How to Cut Business Costs, Not Labour

Unforeseen circumstances often lead to unforeseen business losses. When faced with significant drop in revenues and profits, a company’s often first instinct is to lay off workers to cut costs. Businesses should weigh this decision carefully because, while firing employees can indeed cut business costs, it can also lead to low employee morale and put into waste the company’s own investment in the training of these employees.

How to Cut Business Costs, Not Labour

Instead of cutting labour to save money, here are 10 alternatives:

Implement job sharing

Job sharing was a popular cost-saving device during the financial crisis. In this set-up, two people work part-time for one full-time position. This way, the company saves business costs, keeps talent, and allows workers to still retain their jobs.

Improve staff efficiency

Tighten processes to drive staff efficiencies. This should not be done only when the company has experienced losses but regularly throughout the life of the business. SmartCompany suggests using cloud technology to reduce delay and improve collaboration.

Businesses can also hire one-day CEOs and CFOs to free up the owner from management and finance tasks and focus on other areas of the business. Cross-training employees also enables the company to make changes without affecting the ability to deliver products or services to customers.

Leaseback capital equipment

One of the company’s biggest investment and probably also its biggest cost is its capital equipment. Capital equipment has an extended life so that it is properly regarded as a fixed asset. Some businesses, to improve profit some businesses opt to leaseback the equipment instead of keeping it.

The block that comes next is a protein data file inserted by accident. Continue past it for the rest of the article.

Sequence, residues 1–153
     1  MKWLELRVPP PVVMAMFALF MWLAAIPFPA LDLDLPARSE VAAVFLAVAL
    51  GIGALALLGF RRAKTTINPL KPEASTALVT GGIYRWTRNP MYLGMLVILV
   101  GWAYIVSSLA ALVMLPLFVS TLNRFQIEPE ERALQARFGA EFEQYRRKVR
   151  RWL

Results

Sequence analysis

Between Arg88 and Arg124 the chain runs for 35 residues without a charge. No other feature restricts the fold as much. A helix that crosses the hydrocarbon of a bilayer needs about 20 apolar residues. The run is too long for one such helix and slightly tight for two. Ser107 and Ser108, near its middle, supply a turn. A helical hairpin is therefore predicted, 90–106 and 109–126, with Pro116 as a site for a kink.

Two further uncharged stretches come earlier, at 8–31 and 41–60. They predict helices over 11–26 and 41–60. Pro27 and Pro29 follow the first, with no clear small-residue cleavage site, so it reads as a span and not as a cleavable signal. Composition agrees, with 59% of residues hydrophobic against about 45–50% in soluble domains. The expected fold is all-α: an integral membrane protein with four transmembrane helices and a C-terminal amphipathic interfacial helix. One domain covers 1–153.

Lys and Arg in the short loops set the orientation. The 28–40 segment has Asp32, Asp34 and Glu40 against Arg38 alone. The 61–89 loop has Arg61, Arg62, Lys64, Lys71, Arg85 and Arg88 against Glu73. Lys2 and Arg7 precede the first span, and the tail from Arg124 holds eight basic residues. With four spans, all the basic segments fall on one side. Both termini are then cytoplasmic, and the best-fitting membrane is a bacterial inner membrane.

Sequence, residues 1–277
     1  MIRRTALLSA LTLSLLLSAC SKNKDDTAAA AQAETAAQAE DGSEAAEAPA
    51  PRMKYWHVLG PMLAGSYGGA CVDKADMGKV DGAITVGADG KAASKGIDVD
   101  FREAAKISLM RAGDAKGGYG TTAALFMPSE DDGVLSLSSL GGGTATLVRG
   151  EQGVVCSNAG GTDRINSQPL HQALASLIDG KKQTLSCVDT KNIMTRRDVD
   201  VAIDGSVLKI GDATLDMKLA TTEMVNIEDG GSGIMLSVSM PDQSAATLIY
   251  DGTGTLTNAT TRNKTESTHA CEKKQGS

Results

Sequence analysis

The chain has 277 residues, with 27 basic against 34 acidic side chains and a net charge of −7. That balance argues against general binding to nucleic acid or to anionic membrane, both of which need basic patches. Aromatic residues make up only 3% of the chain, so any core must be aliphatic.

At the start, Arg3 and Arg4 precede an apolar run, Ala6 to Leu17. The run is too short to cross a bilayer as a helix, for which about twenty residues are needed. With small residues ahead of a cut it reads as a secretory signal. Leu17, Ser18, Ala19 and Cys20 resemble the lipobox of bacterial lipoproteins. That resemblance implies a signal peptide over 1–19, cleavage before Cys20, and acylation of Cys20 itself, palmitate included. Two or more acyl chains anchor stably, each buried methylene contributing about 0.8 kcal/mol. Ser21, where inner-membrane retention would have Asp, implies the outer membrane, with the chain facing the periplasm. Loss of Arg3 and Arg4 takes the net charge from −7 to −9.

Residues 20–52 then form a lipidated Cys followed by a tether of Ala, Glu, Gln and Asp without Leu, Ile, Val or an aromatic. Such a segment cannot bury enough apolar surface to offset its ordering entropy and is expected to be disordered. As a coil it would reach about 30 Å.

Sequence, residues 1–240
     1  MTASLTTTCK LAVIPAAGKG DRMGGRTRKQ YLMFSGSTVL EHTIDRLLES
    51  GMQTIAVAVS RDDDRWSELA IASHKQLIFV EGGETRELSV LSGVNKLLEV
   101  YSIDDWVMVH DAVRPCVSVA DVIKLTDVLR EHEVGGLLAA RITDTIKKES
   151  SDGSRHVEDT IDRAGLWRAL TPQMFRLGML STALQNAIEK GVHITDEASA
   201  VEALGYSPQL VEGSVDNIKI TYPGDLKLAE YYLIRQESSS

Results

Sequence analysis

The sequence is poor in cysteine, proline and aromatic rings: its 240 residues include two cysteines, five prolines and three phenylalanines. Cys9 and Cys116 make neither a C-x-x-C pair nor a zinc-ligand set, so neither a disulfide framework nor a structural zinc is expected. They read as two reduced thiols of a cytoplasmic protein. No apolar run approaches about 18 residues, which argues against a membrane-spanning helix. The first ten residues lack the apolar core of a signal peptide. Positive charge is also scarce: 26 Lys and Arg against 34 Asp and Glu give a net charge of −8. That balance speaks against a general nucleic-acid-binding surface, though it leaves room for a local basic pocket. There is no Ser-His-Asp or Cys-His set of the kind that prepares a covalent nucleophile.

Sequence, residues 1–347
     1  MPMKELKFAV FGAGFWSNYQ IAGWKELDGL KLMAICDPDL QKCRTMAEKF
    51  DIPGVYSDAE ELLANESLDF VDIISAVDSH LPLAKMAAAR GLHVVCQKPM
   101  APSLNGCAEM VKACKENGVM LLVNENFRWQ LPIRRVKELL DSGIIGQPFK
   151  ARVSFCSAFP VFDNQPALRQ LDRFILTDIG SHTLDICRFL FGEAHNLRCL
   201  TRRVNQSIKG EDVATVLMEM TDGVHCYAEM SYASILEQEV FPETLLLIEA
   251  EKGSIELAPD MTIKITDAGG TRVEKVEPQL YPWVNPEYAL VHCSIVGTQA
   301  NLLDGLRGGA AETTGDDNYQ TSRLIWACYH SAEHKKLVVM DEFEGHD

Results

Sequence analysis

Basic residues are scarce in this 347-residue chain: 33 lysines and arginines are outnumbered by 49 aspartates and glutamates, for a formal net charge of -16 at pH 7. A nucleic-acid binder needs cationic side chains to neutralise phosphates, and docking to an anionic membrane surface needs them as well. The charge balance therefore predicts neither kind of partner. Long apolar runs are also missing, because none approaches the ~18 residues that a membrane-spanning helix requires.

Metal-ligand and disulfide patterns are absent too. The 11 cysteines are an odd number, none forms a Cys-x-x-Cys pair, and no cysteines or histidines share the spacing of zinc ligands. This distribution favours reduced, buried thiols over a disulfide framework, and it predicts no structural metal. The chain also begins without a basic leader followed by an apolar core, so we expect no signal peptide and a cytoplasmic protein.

Separate good costs from bad costs

Businesses need to review their product offerings to determine which products or services cost too much to produce. While a product may remain profitable, the cost of creating that product may outweigh the profits. If sales of some products or services are high but failed to add to the company’s bottom line, it is time to change strategy.

Negotiate with suppliers

Especially if you already have good long-term relationships with suppliers, most, if not all of them would be sympathetic to your current financial situation and would look for ways by which they can renegotiate your contracts with them. SmartCompany also advises that you look into imports and the amounts paid on duties, GSTs, and freight.

Get staff to go on enforced holidays

Generally, employers can require their employees to go on enforced holidays. This policy should be expressly provided for in the company handbook to avoid unwarranted labour disputes in the future, which could result to the company incurring more costs.

Cut deals on rent

Rental is one fixed business cost. One of the ways to cut cost is to renegotiate the lease agreement and, hopefully, the rental. SmartCompany advises that it is best to ask for a cutback on rental six months before the lease expires, and not one month before lest the landlord will think you are now desperate and may, worse, increase the rent.

Review all operational expenditure

Review expenses that are necessary to run your business, including rent, utilities, and business travel. Install a good accounting system to identify which of these business costs can be reduced or eliminated. Business travel, for one, can be a big budget buster, especially when you are not a travel-related type of business. Utilities can also subject to review to check if there are redundant services or there are utility companies that can provide better deals.

Separate personal finance from business finance

Especially for sole traders, oftentimes personal and business finance gets co-mingled unintentionally, resulting in mismanagement. SmartCompany suggests looking to money left in cheque accounts that are not interest bearing. There are also a lot of loans on very high-interest rates and there may be a better way to service the loans.

Review customers

As a way to touch base with your customers, you can conduct a short survey or ask them to fill up a short questionnaire about business and what services they want. Discuss your business relationship and review if each business remains a good fit for yours.

For more business tips, we posted these articles in our blog:

3 Critical Ways Credit Checks Protect Your Business
How to Cope with the 4 Main Causes of Business Stress
5 Websites Every Business Owner Must Check Daily
9 Must-Haves of an Invoice That Gets Paid on Time
4 Smart Debt Management Tips for Business Execs

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